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Brandy Clark, one of country music’s great songwriters and behind-the-scenes collaborators, has had a hand in writing hits for Kacey Musgraves, Keith Urban, Sheryl Crow, Reba McEntire, Toby Keith, Miranda Lambert, and more. But on March 6, she let the world in on an even lesser-known secret: Clark’s been keeping her best work yet to herself, for Your Life Is a Record, her third solo LP. It contains multiple “bests”: her best songwriting (see “Pawn Shop”), her best production — a classic country sound that sounds better than some actual classic country records — and the best recent use of Randy Newman. “I’ve had a lot of people talk about my songwriting, which is my bread and butter,” Clark says over the phone between shows with Tanya Tucker on CMT’s Next Women of Country Tour, “but for [people] to say that the record sounds good, that feels really good.” In honor of Your Life Is A Record, below Brandy Clark breaks down the Brandy Clark songwriting universe, from the highs and lows of her career, bouncing back from country radio, and getting inspired by Feud.

Best Brandy Clark song: “I think it’s probably ‘Hold My Hand.’ It’s my favorite song to do and I don’t ever not do it in a show. It never fails to stop a crowd. It never fails to stop me. That song, to me, is like coming home in my heart.”

Favorite song off Your Life Is A Record: “’Who You Thought I Was.’ It was something John Prine had said at the Americana Awards. He came out and everybody stood up, and they clapped for a long time, and when they finally sat down, he said, ‘Well, I’m John Prine, but I’d like to go back to being who you thought I was,’ and it struck me right away. It struck me in my own heart of wanting to be who a lot of people have thought I’ve been at times, and then it struck me as a song. I also love the production on it.”

Song you’re most proud of writing: “I’m pretty proud of a song on the new record called ‘I’ll Be the Sad Song.’ It’s such a songwriter-y song, but I’m finding that it’s also resonating with people. I’m also really proud to have written ‘Follow Your Arrow,’ which Kacey Musgraves recorded, because of what that song means to people. That song is far bigger than any of us.”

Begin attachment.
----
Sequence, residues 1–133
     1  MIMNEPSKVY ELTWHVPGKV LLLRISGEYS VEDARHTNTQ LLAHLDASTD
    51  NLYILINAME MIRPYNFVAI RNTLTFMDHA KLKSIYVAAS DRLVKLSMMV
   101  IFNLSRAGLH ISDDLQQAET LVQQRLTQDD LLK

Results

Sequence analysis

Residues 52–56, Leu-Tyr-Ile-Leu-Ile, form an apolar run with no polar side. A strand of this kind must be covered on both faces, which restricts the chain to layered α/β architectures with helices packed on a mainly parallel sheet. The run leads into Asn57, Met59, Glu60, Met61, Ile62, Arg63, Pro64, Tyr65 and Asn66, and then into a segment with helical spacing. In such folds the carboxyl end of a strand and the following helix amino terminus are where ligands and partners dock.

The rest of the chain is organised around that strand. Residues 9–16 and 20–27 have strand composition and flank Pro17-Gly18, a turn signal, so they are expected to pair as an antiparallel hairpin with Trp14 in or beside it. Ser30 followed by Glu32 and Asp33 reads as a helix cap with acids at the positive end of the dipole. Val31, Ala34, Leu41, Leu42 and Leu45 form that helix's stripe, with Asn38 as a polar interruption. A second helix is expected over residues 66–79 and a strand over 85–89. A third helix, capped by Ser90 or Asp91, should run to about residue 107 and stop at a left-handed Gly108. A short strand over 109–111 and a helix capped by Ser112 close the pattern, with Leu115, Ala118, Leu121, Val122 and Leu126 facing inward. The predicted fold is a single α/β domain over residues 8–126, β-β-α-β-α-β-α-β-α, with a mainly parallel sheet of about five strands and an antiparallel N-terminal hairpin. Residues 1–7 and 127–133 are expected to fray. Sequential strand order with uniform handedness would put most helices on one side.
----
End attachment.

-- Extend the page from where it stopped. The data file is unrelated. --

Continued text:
Favorite Brandy Clark lyrics: “On this new record, there’s this song called ‘Pawn Shop,’ and I love the bridge: ‘Dreams don’t die even when they’re broken / Tomorrow when that sign says ‘open’ / That guitar or that wedding band / Will start a new dream secondhand.’”

Most embarrassing Brandy Clark lyrics: “There are lyrics in that I love doing every night, but there are some that if I were to just see them on paper, like, ‘Looking to get you over that heart break humpty hump.’ If I were to just say it, not sing it… People love it and I love it, but … yeah. Looking to get you over that heart break humpty hump….”

Most bizarre review of your work you’ve read: “Probably the more stinging things are things that men have said, you know, when they’re upset that I’ve done something different musically. I remember seeing a review on ‘Girl Next Door.’ They called the song ‘disco-funk country.’ It wasn’t mean, but I was just like, “Disco funk? OK. Here we … go?’”

Weirdest inspiration for a song: “For [Your Life Is A Record’s] ‘Love is a Fire,’ I was watching the FX series about Bette Davis and Joan Crawford [Feud], and I went down this huge rabbit hole about both of them. I was up until two or three in the morning finding all this stuff on them. I found this quote by Joan Crawford saying something like ‘Love is a fire, you just don’t know if it’s going to warm you or burn you.’”

Most exciting achievement so far: “I think being nominated for Best New Artist at the Grammys and getting to perform with Dwight Yoakam. I mean, that’s the best ten and a half minutes of my life so far. That, and I remember Prince coming out of the elevator when Dwight and I were getting in. I remember Lady Gaga and Tony Bennett. Their dressing rooms were next to ours. They were just chatting it up. It was really very surreal.”

Moment when you wanted to quit the most: “I didn’t want to quit, but I was pretty low when my single off of my last record [‘Love Can Go to Hell’ off Big Day in a Small Town] got pulled from country radio, and they had told me I had nothing left to work on the album. That was tough for me because, man … you put a lot into an album, and you work really hard. I’m sure that a lot of this hurt went into Your Life Is a Record. I definitely thought, ‘Okay, I played the game and went out and worked really hard on country radio,’ and I had supporters. I still have supporters. But it was definitely one of the biggest heartbreaks of my life — I was a little girl who grew up listening to country radio. I think this record, as much as it is a breakup record, part of it was what I thought my career was going to look like. I think the beautiful part of that is maybe it’s going to look better than I could have dreamed.”

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